Beliefs are the basis of heuristics: rough mental rules of thumb. The mind extensively employs heuristics in making judgments and decisions, as they are much quicker than having to sift through facts and string them together in a sensible way – the process known as logic.

Every theory is just a belief in waiting: an attempt to rustle enough facts for confirmation, with contradicting outliers treated as mere blemishes on an otherwise flawless fruit. Despite its avowed strict adherence to actuality, science belies the assertion with its groaning bag of theories, many of which are based upon mathematics: the ultimate in symbolism. All the so-called “laws” of Nature are merely mathematical conjectures which serve as heuristics. The rankest ruse of science is its tucking all the complexities away with simple formulas which are adequately predictive, but never encompass Nature.

Simplifying assumptions serve as the mortar of beliefs. There are always facts which contravene the validity of beliefs; whence the hoary Latin aphorism “the exception proves the rule.” As such, beliefs are invariably conceptual houses of cards, built on a wobbly foundation of facts into edifices which can never shelter all the constituents of actuality for which they are constructed.

Beliefs do not exist in isolation. Instead, they are glued together into a system which culminates in a worldview. Belief systems act as the mental filtration network through which new facts must flow to be accepted. Isolated facts which do not coincide with established beliefs are disposed. Only when a belief slams into a wall of indisputable actuality is a conviction shaken.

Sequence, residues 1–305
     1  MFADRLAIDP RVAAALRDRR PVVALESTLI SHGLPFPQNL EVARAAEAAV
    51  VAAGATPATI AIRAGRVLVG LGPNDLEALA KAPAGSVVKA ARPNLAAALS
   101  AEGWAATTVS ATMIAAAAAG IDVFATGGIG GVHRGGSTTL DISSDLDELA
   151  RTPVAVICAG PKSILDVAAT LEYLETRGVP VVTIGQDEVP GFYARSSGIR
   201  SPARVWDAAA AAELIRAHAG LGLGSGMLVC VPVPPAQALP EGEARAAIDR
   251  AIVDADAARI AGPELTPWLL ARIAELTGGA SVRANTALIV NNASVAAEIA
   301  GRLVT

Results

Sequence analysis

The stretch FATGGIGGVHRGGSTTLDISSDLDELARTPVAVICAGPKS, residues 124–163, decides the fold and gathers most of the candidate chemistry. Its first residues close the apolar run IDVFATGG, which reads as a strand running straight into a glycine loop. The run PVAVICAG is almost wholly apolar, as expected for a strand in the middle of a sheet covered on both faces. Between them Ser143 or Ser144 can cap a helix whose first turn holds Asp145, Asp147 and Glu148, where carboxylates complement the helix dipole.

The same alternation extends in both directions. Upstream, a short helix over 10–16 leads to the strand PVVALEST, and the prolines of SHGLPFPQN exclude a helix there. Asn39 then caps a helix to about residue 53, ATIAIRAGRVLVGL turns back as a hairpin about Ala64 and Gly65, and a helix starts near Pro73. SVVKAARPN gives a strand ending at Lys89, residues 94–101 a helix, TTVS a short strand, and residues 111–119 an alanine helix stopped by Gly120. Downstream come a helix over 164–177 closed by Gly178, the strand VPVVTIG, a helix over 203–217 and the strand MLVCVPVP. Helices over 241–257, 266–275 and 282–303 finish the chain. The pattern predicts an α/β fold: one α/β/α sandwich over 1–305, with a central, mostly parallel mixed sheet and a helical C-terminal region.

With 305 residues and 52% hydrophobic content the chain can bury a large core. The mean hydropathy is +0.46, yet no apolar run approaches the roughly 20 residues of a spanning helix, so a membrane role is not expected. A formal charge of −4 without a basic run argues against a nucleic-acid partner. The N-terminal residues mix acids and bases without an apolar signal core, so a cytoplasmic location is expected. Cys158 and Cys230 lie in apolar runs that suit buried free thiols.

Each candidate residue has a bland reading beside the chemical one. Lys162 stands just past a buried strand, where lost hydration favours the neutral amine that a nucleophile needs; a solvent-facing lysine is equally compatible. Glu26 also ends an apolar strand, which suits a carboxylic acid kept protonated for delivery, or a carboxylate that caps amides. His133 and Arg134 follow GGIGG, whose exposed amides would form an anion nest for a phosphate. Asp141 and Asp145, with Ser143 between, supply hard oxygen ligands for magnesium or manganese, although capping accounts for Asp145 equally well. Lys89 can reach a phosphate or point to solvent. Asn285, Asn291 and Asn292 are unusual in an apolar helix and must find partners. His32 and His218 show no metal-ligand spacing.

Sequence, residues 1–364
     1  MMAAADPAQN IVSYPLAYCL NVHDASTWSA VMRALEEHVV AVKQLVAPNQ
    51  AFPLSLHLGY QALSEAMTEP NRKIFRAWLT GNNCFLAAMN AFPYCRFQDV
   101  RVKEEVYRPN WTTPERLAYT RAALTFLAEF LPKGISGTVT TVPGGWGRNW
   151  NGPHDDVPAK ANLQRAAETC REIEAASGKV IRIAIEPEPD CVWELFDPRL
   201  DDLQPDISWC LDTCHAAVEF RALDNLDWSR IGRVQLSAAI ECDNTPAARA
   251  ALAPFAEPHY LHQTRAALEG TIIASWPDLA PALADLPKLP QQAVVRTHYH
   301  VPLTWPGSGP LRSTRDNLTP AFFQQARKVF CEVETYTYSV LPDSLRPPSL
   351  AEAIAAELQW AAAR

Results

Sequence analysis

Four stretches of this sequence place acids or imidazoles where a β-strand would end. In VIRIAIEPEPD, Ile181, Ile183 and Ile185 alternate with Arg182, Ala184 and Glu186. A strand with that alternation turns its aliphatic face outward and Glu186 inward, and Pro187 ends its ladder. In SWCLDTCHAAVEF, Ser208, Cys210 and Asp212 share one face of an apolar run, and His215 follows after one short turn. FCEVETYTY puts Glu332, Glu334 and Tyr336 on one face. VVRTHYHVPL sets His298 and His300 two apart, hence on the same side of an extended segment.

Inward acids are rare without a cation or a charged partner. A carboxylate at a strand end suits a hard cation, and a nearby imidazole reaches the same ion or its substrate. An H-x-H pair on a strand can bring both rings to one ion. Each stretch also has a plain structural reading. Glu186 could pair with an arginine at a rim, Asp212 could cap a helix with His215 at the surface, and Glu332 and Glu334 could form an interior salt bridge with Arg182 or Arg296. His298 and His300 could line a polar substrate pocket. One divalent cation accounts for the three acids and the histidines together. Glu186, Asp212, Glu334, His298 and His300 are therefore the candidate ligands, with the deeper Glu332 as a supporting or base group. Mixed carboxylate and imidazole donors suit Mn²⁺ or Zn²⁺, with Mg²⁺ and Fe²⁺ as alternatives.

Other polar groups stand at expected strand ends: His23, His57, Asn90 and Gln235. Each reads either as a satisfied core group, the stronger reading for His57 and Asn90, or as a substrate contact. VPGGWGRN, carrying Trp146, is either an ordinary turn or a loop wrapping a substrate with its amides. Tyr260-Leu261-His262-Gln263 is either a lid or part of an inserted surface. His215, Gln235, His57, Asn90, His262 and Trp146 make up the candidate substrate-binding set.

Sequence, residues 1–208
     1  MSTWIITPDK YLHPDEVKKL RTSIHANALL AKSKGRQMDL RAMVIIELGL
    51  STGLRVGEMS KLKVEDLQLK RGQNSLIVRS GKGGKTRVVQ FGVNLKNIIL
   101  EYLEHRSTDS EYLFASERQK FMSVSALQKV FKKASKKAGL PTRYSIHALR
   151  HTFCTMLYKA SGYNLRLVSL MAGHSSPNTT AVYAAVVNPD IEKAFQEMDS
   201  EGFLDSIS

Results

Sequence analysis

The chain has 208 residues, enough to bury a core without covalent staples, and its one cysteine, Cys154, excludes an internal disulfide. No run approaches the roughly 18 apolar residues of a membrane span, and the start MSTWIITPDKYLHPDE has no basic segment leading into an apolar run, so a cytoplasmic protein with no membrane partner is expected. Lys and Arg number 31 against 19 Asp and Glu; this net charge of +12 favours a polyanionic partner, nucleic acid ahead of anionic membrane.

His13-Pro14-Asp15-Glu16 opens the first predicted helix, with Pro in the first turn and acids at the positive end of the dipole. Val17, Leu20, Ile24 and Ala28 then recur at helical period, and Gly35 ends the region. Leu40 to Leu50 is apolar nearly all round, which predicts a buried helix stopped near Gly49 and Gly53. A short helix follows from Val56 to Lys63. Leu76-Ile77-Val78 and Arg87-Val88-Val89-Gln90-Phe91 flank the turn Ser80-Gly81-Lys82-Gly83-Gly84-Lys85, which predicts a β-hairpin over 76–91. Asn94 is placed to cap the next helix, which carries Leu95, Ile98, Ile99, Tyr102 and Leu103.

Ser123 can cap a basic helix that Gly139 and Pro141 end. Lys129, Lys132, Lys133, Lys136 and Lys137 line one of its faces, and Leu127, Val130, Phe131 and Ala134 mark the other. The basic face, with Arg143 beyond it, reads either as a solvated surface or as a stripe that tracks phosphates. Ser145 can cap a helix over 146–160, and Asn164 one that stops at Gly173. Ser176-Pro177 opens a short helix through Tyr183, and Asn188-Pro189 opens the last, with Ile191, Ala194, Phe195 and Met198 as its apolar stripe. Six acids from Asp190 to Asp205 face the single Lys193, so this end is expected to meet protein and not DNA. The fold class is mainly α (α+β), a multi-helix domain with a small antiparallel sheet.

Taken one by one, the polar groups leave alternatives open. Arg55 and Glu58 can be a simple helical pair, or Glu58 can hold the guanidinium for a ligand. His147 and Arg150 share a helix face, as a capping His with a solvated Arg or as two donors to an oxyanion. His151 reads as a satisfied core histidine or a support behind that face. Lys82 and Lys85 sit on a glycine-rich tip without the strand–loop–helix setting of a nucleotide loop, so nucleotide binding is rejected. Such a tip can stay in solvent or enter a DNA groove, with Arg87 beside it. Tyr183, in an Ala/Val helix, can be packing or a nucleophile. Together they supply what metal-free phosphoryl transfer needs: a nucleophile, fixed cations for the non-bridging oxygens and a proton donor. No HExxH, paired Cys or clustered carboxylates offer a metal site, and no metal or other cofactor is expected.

Whereas people don’t cotton much to facts, they become attached to their beliefs. The mind is proud of the cocoon of false surety which it weaves: resisting belief dissolution with rationalization if fact rejection fails and an assault upon a belief is mounted.

Beliefs are entirely unnecessary. You can witness the world without believing any of it, and function better by skepticism than with the faith and expectations that are beliefs’ traveling companions. Like emotions, your mind promotes beliefs to keep you in ignorance, and so let the mind maintain its control of you.

“The way to truth lies through destruction of the false. To destroy the false, you must question your most inveterate beliefs.” ~ Nisargadatta Maharaj